Page:Origin of Species 1872.djvu/410

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birds, lizards and snakes, probably also of chelonia, are in the earliest states exceedingly like one another, both as a whole and in the mode of development of their parts; so much so, in fact, that we can often distinguish the embryos only by their size. In my possession are two little embryos in spirit, whose names I have omitted to attach, and at present I am quite unable to say to what class they belong. They may be lizards or small birds, or very young mammalia, so complete is the similarity in the mode of formation of the head and trunk in these animals. The extremities, however, are still absent in these embryos. But even if they had existed in the earliest stage of their development we should learn nothing, for the feet of lizards and mammals, the wings and feet of birds, no less than the hands and feet of man, all arise from the same fundamental form." The larvæ of most crustaceans, at corresponding stages of development, closely resemble each other, however different the adults may become; and so it is with very many other animals. A trace of the law of embryonic resemblance occasionally lasts till a rather late age: thus birds of the same genus, and of allied genera, often resemble each other in their immature plumage; as we see in the spotted feathers in the young of the thrush group. In the cat tribe, most of the species when adult are striped or spotted in lines; and stripes or spots can be plainly distinguished in the whelp of the lion and the puma. We occasionally, though rarely, see something of the same kind in plants; thus the first leaves of the ulex or furze, and the first leaves of the phyllodineous acacias, are pinnate or divided like the ordinary leaves of the leguminosæ.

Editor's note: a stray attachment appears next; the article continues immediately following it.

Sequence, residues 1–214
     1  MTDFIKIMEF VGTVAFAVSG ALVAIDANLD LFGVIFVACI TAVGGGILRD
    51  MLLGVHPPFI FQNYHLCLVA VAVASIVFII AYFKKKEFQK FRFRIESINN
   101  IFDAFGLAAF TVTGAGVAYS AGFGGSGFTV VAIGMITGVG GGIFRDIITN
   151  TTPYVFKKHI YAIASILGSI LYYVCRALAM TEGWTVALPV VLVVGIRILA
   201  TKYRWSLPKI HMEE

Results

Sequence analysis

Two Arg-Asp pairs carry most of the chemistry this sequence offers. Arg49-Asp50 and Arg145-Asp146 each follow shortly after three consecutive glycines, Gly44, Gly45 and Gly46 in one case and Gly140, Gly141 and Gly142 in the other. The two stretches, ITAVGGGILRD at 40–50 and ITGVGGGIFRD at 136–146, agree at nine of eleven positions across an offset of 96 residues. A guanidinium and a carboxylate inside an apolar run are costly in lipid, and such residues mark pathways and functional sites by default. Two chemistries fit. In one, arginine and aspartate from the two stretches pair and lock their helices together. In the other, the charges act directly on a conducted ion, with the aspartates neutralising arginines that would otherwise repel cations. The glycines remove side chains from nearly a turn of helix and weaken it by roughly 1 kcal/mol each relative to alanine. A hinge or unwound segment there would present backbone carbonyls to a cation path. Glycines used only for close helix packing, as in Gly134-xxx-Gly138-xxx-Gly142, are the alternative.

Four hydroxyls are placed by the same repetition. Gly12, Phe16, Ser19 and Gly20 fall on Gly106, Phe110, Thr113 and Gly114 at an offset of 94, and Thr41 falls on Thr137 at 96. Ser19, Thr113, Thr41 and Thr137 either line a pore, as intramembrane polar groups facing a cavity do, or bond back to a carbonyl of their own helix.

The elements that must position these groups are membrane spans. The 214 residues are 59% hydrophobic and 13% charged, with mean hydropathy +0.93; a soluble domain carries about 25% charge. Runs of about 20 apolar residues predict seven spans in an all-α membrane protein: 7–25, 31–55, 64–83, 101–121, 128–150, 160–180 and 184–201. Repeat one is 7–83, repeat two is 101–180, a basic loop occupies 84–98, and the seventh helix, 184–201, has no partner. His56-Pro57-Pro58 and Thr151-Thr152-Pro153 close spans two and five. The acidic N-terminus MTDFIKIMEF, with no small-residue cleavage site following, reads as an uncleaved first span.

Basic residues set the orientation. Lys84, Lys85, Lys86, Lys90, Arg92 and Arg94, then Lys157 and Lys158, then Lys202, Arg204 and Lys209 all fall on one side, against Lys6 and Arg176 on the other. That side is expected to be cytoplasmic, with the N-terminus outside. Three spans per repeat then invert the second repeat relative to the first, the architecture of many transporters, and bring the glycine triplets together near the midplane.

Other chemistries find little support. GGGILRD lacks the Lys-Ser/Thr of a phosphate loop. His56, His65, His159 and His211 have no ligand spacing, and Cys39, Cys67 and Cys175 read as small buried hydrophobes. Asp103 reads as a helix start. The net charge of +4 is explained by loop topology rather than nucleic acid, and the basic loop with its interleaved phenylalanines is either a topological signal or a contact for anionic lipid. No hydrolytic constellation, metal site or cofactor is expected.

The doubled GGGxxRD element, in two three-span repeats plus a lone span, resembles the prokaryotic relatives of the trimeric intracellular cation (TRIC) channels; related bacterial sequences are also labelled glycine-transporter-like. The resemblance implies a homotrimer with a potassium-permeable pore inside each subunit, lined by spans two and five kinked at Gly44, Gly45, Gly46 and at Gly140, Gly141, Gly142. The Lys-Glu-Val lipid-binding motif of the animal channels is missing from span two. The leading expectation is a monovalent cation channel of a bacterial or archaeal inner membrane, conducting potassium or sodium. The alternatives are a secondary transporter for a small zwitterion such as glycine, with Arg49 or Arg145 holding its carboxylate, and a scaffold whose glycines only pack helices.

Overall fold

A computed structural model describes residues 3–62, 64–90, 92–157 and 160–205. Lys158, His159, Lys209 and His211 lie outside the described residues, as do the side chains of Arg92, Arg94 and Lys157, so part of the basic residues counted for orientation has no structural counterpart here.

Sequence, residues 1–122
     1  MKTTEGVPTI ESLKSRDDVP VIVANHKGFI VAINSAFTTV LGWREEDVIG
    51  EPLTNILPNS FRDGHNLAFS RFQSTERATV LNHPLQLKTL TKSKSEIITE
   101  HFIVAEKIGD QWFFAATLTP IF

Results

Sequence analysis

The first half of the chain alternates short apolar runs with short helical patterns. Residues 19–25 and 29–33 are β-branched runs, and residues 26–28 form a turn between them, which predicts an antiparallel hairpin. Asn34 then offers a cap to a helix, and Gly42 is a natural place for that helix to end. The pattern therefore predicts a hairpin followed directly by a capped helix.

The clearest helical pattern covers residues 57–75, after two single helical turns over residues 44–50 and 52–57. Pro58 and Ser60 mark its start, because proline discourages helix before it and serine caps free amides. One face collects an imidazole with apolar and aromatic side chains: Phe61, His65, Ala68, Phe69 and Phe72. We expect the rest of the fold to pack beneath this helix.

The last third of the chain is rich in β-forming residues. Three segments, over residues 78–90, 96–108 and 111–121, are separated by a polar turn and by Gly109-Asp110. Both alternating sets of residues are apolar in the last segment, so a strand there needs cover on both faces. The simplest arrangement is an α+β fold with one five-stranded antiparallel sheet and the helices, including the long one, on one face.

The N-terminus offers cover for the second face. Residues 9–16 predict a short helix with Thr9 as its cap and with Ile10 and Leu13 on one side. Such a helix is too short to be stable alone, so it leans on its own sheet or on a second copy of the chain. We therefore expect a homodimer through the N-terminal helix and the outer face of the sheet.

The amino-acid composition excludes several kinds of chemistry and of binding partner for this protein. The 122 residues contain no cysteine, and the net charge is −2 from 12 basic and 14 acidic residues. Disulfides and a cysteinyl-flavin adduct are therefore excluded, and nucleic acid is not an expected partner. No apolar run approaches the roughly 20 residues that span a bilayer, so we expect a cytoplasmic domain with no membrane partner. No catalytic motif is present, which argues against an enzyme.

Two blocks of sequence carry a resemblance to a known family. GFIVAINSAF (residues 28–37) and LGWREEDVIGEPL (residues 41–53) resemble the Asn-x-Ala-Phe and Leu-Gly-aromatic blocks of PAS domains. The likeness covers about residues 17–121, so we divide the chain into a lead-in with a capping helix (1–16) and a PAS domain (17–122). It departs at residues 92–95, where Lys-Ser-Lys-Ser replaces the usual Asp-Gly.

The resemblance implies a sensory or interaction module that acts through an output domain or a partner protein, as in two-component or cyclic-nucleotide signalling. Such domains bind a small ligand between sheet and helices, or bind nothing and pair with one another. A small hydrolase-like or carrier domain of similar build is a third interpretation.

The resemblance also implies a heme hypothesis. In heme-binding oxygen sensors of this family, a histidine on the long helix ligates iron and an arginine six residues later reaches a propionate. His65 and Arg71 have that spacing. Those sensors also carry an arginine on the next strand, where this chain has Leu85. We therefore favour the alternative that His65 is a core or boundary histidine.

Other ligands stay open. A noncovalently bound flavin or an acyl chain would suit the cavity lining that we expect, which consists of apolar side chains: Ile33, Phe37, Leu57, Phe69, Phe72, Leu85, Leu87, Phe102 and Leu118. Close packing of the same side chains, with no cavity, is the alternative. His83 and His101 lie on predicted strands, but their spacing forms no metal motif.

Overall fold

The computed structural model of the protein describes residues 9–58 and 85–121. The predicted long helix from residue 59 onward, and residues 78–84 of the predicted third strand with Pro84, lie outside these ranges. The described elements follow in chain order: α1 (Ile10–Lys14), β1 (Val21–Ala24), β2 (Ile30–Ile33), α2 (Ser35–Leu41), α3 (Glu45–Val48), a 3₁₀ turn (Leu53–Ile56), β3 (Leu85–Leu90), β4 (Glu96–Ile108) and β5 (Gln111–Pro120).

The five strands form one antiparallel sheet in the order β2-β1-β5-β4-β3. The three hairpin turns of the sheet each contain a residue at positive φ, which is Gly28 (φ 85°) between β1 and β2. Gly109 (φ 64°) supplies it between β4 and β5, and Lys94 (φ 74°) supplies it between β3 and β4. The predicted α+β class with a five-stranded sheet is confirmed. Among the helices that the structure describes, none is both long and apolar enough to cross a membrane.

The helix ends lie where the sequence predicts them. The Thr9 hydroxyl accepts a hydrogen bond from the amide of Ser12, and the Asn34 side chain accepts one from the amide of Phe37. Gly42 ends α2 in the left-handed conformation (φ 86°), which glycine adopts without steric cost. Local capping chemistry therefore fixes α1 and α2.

The points of structure, in which the embryos of widely different animals within the same class resemble each other, often have no direct relation to their conditions of existence. We cannot, for instance, suppose that in the embryos of the vertebrata the peculiar loop-like courses of the arteries near the branchial slits are related to similar conditions — in the young mammal which is nourished in the womb of its mother, in the egg of the bird which is hatched in a nest, and in the spawn of a frog under water. We have no more reason to believe in such a relation than we have to believe that the similar bones in the hand of a man, wing of a bat, and fin of a porpoise, are related to similar conditions of life. No one supposes that the stripes on the whelp of a lion, or the spots on the young blackbird, are of any use to these animals.

The case, however, is different when an animal, during any part of its embryonic career, is active, and has to provide for itself. The period of activity may come on earlier or later in life; but whenever